Erik Orsenna, economist and travel writer, and Jean-Marc Boursier, Group Deputy CEO for the Recycling and Recovery business in Europe, discuss their vision and their experiences of the circular economy.
When we speak of plastic, we talk more and more often about pollution of the oceans. Erik Orsenna, what is your opinion on this issue?
Erik Orsenna: The ocean is the place from which all life comes. We go there in search of freedom and purity but today we see more and more plastic bags on the high seas. They are literally everywhere. Obviously, we think about the fish that ingest this plastic but also about this “6th continent” made entirely of plastic that was created by currents in the heart of the Pacific Ocean. According to the Ellen MacArthur Foundation, there are 150 million tonnes of plastic in the world’s oceans. It’s striking that we must resign ourselves to the fact that the sea is becoming a giant garbage can filled with plastic. If we continue to do nothing, by 2050 there will be more plastic than fish in the ocean.
Plastic is a truly magnificent material but it’s extremely difficult to do without it. It’s a major form of pollution not only because we see it; it’s also a form of pollution for fauna, especially those that lives in the sea. In that way, we might say that plastic is an attack on life. It’s important to bear in mind that plastic originally comes from oil. In fact, plastic is the visible nightmare of oil.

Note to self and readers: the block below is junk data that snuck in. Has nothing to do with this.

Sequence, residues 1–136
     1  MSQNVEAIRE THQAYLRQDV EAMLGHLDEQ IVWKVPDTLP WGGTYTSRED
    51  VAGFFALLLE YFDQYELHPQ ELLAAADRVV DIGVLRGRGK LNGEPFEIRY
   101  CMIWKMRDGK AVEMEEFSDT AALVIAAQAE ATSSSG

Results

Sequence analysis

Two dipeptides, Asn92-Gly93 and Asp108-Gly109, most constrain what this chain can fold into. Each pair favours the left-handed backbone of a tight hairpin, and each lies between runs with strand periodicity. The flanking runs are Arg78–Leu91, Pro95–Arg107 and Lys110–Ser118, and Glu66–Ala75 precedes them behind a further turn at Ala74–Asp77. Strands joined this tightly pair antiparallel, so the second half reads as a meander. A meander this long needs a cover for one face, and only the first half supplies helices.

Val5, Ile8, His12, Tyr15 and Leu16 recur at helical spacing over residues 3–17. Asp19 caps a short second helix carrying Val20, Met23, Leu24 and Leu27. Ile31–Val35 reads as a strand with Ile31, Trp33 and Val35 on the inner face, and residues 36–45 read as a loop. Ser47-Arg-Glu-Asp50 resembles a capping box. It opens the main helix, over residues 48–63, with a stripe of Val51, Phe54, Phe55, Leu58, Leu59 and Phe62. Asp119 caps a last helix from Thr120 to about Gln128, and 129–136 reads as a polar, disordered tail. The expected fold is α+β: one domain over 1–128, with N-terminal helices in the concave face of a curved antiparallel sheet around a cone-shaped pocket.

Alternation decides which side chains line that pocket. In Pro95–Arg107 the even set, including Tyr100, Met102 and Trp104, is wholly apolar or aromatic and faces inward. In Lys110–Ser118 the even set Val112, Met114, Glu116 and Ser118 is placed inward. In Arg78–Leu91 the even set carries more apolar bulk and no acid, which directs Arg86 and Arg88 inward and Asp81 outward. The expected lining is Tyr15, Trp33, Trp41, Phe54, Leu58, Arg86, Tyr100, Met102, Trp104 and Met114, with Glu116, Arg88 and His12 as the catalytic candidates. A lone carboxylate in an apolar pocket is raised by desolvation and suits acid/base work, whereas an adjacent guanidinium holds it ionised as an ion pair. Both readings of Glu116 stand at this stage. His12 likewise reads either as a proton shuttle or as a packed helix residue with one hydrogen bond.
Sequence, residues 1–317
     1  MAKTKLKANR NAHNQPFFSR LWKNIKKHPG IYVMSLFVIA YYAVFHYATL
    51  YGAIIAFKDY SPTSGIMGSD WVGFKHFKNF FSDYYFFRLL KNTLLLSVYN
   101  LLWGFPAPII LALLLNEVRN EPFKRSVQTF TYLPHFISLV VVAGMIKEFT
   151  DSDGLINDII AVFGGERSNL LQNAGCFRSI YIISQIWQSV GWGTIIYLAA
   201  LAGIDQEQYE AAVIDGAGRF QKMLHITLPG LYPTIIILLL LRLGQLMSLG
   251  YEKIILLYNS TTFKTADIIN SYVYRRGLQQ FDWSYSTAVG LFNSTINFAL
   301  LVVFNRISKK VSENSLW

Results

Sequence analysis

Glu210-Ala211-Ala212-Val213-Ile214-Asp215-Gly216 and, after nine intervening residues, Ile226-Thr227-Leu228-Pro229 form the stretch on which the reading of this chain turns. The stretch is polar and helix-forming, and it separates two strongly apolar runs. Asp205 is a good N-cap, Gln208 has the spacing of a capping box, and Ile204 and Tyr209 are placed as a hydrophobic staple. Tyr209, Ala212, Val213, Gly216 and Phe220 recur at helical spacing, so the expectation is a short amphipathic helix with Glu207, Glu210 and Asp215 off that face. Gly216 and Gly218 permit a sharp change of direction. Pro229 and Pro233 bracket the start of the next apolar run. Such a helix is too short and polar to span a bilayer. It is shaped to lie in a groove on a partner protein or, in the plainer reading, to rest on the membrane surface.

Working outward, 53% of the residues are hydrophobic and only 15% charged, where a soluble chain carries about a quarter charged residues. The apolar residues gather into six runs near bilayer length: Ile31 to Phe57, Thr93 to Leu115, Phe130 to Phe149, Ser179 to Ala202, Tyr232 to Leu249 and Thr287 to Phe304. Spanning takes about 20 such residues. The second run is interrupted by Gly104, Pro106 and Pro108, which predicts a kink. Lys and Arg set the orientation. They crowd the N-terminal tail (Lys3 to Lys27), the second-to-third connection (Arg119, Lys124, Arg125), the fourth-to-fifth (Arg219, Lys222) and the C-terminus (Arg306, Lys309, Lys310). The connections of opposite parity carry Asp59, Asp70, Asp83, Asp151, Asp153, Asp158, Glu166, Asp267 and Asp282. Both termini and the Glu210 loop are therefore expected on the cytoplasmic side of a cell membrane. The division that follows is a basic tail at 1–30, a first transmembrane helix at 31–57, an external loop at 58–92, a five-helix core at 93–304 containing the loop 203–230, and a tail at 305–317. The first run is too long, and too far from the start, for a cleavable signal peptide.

Jean-Marc Boursier: To continue with Erik’s line of thought, it’s important to note that today in Europe we consume 50 million tonnes of plastic a year, compared with 1 million tonnes at the end of the Second World War. This means that the use of plastic has increased fiftyfold in fifty years and this trend will continue. The question of collecting and treating plastic is thus essential if we want to avoid having it end up in the sea.
We often say that the fight against plastic pollution of the ocean begins on land. Jean-Marc Boursier, what is SUEZ doing to fight against this kind of pollution?
JMB: The plastic that we find in the oceans comes from two sources: the improper management of waste on the land and, more insidious, the overflow of micro-particles of plastic that are not filtered out by certain wastewater treatment facilities.